Short-lived heatwave headed for Metro Vancouver this weekend

Temperatures are expected to be up to 10 degrees higher than average Sunday and Monday

Bruce Springsteen performs at the 13th annual Stand Up For Heroes benefit concert in support of the Bob Woodruff Foundation in New York on Nov. 4, 2019. (Greg Allen/Invision/AP)
Canadians who got AstraZeneca shot can now see ‘Springsteen on Broadway’

B.C. mayor David Screech who received his second AstraZeneca dose last week can now attend the show

New research suggests wolves can be steered away from the endangered caribou herds they prey on by making the man-made trails they use to hunt harder to move along. THE CANADIAN PRESS/Nathan Denette
Culling cutlines, not B.C. wolves, key to preserving caribou herds: researcher

The government has turned to killing hundreds of wolves in an effort to keep caribou around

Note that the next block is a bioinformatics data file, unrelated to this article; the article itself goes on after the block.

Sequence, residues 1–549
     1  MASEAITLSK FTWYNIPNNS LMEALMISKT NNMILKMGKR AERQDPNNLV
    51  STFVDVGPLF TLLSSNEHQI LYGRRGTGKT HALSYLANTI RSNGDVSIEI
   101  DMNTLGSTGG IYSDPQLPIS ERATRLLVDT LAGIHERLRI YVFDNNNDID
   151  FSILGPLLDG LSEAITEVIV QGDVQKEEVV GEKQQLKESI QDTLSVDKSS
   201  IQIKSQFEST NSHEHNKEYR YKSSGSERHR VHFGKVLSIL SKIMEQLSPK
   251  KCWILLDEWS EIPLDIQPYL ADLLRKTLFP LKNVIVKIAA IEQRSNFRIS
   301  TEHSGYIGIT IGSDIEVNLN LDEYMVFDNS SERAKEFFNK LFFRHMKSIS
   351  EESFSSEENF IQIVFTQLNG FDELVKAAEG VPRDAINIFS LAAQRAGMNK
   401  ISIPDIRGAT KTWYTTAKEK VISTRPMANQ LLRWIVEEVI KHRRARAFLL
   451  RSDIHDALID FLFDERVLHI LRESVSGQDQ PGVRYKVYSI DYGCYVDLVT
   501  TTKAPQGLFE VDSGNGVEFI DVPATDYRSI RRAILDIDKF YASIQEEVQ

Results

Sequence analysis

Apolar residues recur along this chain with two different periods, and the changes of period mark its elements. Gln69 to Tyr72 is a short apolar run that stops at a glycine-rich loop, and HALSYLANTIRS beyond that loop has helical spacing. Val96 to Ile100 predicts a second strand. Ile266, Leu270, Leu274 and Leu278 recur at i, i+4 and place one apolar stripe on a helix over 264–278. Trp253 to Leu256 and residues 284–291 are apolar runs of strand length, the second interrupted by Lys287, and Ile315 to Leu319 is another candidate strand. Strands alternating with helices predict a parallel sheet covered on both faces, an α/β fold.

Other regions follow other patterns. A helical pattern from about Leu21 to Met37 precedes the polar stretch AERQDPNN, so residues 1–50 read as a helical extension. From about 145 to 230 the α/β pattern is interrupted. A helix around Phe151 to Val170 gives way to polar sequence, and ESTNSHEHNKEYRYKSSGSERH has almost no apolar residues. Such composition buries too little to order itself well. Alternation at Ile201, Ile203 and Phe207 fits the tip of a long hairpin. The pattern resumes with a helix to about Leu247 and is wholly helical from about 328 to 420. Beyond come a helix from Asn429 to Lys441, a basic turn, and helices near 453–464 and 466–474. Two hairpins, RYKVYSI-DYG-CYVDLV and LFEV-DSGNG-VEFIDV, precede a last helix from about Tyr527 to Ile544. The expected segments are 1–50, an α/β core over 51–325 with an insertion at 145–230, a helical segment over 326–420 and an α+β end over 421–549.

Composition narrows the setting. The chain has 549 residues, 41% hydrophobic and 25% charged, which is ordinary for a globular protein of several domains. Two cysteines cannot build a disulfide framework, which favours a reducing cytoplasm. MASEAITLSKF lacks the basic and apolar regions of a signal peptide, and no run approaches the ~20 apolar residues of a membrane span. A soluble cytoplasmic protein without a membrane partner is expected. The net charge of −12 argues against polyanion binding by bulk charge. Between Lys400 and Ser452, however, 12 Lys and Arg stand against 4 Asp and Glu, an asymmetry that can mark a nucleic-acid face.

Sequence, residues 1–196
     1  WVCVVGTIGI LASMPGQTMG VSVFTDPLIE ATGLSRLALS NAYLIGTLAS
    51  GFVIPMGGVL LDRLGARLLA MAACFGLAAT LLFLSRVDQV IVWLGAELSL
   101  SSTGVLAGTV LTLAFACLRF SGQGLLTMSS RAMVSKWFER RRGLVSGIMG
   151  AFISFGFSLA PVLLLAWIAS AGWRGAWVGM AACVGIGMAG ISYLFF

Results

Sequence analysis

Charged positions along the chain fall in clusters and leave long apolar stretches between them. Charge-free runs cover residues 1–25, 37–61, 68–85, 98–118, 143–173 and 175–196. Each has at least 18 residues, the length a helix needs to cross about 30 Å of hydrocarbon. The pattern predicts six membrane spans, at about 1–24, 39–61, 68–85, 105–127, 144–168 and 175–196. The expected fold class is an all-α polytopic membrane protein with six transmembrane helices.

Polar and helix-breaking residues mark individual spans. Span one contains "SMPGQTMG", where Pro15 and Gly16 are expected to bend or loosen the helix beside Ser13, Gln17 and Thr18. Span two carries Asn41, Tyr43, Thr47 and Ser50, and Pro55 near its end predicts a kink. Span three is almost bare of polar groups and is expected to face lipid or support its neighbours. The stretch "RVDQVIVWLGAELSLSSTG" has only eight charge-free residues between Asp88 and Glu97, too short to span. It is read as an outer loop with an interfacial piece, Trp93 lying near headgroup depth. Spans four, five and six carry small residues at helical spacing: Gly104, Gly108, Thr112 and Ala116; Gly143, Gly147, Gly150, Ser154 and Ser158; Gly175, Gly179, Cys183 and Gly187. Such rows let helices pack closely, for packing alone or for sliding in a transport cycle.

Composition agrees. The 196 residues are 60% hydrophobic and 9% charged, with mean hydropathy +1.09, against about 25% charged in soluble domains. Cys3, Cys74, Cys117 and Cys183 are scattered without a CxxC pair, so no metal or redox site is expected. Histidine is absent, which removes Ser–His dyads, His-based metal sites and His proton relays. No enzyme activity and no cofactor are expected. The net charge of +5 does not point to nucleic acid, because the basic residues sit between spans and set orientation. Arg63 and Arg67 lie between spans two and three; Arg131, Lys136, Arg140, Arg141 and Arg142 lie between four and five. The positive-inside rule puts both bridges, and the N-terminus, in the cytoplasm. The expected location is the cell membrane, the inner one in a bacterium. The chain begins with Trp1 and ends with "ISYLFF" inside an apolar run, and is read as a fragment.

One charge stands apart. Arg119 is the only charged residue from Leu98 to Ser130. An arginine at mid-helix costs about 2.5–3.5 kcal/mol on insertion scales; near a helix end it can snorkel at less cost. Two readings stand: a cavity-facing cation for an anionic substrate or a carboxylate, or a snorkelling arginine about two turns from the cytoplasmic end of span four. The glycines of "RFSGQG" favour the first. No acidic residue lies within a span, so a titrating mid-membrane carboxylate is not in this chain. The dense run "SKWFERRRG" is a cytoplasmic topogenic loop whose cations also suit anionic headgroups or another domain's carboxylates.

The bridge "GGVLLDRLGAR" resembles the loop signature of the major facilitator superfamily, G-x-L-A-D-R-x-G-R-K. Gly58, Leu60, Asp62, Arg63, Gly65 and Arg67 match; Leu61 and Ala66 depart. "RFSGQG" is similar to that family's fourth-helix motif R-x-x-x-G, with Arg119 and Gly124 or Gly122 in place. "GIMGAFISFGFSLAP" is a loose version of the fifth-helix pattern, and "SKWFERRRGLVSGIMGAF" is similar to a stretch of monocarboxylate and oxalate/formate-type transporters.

Janice Coady, left, Aimee Chalifoux and Linda Milford at a vigil for Amy Watts on Wednesday, June 16, outside Nanaimo city hall. (Greg Sakaki/News Bulletin)
‘We need to do better,’ says mother of woman killed in Nanaimo

Vigil held for former outreach worker Amy Watts, whose body was found downtown June 3

Gary Abbott (left) and Louis De Jaeger were two of the organizers for the 2014 Spirit of the People Powwow in Chilliwack. Monday, June 21, 2021 is Indigenous Peoples Day. (Jenna Hauck/ Chilliwack Progress file)
Unofficial holidays: Here’s what people are celebrating for the week of June 20 to 26

Indigenous Peoples Day, Take Your Dog to Work Day, Onion Rings Day all coming up this week

Gwen Spencer Hethey with her uncle and mentor Major Frederick Richardson. (Courtesy of Greater Victoria Sports Hall of Fame)
‘She was a killer’: The B.C. woman who pioneered female sharpshooting

Gwen Spencer Hethey made military men ‘look like turkeys’ says her son

Central Okanagan Grade 12 grads are set to get $500 each after a more than $1 million donation from a Kelowna couple. (File photo)
B.C. couple donating $500 to every Grade 12 student in the Okanagan

Anonymous donors identified as Kelowna entrepreneurs Lance and Tammy Torgerson

Most Read